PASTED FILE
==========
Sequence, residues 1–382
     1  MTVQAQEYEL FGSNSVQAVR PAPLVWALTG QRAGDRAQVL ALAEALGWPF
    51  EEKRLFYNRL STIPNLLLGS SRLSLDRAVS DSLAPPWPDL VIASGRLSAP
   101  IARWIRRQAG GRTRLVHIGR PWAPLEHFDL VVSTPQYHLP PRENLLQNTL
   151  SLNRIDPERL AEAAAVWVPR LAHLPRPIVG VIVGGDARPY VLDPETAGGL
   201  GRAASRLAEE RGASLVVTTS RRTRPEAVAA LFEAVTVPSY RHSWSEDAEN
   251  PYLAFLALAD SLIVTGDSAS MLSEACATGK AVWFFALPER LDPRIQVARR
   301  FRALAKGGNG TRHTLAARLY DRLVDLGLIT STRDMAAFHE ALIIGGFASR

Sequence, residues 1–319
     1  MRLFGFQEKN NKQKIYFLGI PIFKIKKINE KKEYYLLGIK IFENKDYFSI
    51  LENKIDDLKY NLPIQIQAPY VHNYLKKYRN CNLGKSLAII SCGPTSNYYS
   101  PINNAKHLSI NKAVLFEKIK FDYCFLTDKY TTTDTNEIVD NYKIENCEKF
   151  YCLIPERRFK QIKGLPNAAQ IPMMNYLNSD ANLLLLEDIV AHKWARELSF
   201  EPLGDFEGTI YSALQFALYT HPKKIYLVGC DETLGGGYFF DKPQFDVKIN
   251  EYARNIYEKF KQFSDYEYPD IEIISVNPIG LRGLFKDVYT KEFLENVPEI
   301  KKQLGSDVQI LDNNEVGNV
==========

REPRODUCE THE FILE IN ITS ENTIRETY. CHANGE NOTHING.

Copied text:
Sequence, residues 1–382
     1  MTVQAQEYEL FGSNSVQAVR PAPLVWALTG QRAGDRAQVL ALAEALGWPF
    51  EEKRLFYNRL STIPNLLLGS SRLSLDRAVS DSLAPPWPDL VIASGRLSAP
   101  IARWIRRQAG GRTRLVHIGR PWAPLEHFDL VVSTPQYHLP PRENLLQNTL
   151  SLNRIDPERL AEAAAVWVPR LAHLPRPIVG VIVGGDARPY VLDPETAGGL
   201  GRAASRLAEE RGASLVVTTS RRTRPEAVAA LFEAVTVPSY RHSWSEDAEN
   251  PYLAFLALAD SLIVTGDSAS MLSEACATGK AVWFFALPER LDPRIQVARR
   301  FRALAKGGNG TRHTLAARLY DRLVDLGLIT STRDMAAFHE ALIIGGFASR

Sequence, residues 1–319
     1  MRLFGFQEKN NKQKIYFLGI PIFKIKKINE KKEYYLLGIK IFENKDYFSI
    51  LENKIDDLKY NLPIQIQAPY VHNYLKKYRN CNLGKSLAII SCGPTSNYYS
   101  PINNAKHLSI NKAVLFEKIK FDYCFLTDKY TTTDTNEIVD NYKIENCEKF
   151  YCLIPERRFK QIKGLPNAAQ IPMMNYLNSD ANLLLLEDIV AHKWARELSF
   201  EPLGDFEGTI YSALQFALYT HPKKIYLVGC DETLGGGYFF DKPQFDVKIN
   251  EYARNIYEKF KQFSDYEYPD IEIISVNPIG LRGLFKDVYT KEFLENVPEI
   301  KKQLGSDVQI LDNNEVGNV